On May 27, 2012, Mark Bell attempted a 1,085 squat and got his ass kicked. The end. Or was it? Bell decided it was time for a new chapter in his powerlifting career, so he dropkicked a bunch of fat, clotheslined his "diabesity," got ripped and is looking to put up some big numbers in the 242s. Read on to find out how he did it, and how you too can stop being a BFF*.
*Big Fat Fatty
First off, I want to start out by saying that I'm not only a powerlifter, the editor/founder of Power, an entrepreneur and the inventor of the Sling Shot from HowMuchYaBench.net. In addition to all of that, I'm jacked, tanned and ripped.
My fat PR was 330. Now I weigh 255-260 with about the same size head/face. As for my height, I recall going to a doctor many moons ago and I was 72 inches on the dot. I think powerlifting has made me shorter. My wife claims I'm "6 feet if I'm lucky," and that I'm "not a big guy." I'm not sure if she's talking about my body or a certain body part, but either way it's humbling.
"The journey of a thousand miles starts with a single step." My embarking started after an injury. The hugeness was always meant to be temporary. I didn't know when I'd stop being a BFF, but I always knew I'd go back to being jacked and tanned.
My ole wrassling coach, the late Rip Rodgers (he's still alive but it would sound much better if he was 6 feet under), used to say, "Bell, you need to be ripped, tan and vascular." I really took that to heart and I always knew (even as I watched myself get fatter) that Rip was right. Fat, drunk and stupid is no way to go through life, Mr. Robot Pants.
After I fell squatting with 1,085 pounds, I knew my powerlifting career was dead in some ways, but not over. I realized I could attack things from a different angle and finish this last chapter the way I want, and on my own terms. The numbers may come from different spots, but in the end, I will total more at 242 pounds than I ever have at any level of fatness.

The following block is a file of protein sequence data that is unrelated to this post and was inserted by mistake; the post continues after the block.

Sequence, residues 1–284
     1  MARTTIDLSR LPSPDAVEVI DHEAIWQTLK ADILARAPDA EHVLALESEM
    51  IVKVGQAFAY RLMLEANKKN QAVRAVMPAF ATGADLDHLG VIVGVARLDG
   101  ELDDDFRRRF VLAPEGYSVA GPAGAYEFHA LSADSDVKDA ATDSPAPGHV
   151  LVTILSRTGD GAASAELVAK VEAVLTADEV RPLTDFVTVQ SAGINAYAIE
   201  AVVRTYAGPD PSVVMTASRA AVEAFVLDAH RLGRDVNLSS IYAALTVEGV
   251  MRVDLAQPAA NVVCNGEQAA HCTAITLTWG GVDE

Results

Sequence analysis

My brother used to tell me that I have more guts than brains, but I guess that's what helps me excel. I like being uncomfortable, I like a good challenge, I enjoy pain and working hard.
I like a challenge so much that I make things up for me to accomplish. For example: get down to 242 and be stronger than ever. I like pain so much that after I fell, I didn't visit one doctor, even after being off of my feet for a few weeks, because I wanted to work it out on my own.
So this journey is my journey, one I made for myself to achieve—nothing more than self-improvement. This mission, accomplished or not, will make me tougher, smarter and more jacked. It will teach me a lot about myself that will carry over from the gym to my businesses and to my life.
I am clearly weaker. However, it is hard for me to accurately assess this; I never felt like I was good at anything anyway. I feel a loss in strength on the bench, but I also hurt my shoulder badly after trying to come back from my epic tumble. Another thing about the bench is that we typically train it raw more than our squats.
On all the lifts, none of my gear was fitting for a while, so I'm working on getting that squared away. The real test will be my next meet. That will tell the whole story. I always put the most value in the total. Goal No. 1 is to go greater than 10 times my body weight. Goal No. 2 is to get into the top-50 all-time on each lift. Goal No. 3 is to try to beat my best total ever. If I bench 800, I will have done that in four different weight classes. I'm also hoping to pull more than 800 pounds.
Some say you gain strength in your deadlift when you're not a BFF, but I'd say that only happens after you learn how to pull with your different leverages. Also, it may help to drop 10 pounds of bloat, but losing 50-60 pounds and totally changing your body composition is like having a new body. I notice when I pull that I can't take as long to set up.
So far it seems that if I just drop and go without taking too long to set up, I perform better. I think I used to push off my belly and sit into the suit more when I was fatter.
This new body thing is a real bitch; and it makes me feel like one sometimes. I don't feel weak, but I feel like I need to relearn how to lift. In the squat, my right side is catching up to where it was when I was fat, but when I plant my left foot (injured side), I don't feel solid or powerful.
When I set up for my first 1,000-pound squat, I remember planting my foot and saying to myself, "This is going to be a lot of fun!" So sometimes I simply don't feel the same sensations I felt before. However, I do feel and look sensational.
Last, when it comes to training, I feel I can handle more than ever and work out for hours, which I sometimes actually do.
CarbNite is a no-carb, high-fat/protein diet. This type of diet makes your body rely on fat as its main source of energy. To break up the cycle, on the seventh day of eating limited carbs, after about 6 p.m., you can eat some carbs. Start out with healthy choices and then have some peanut butter cups and ice cream before the night is over. Try not to turn your carb night into a day-long fat marathon. Just eat two things that are horrible and not 50 things.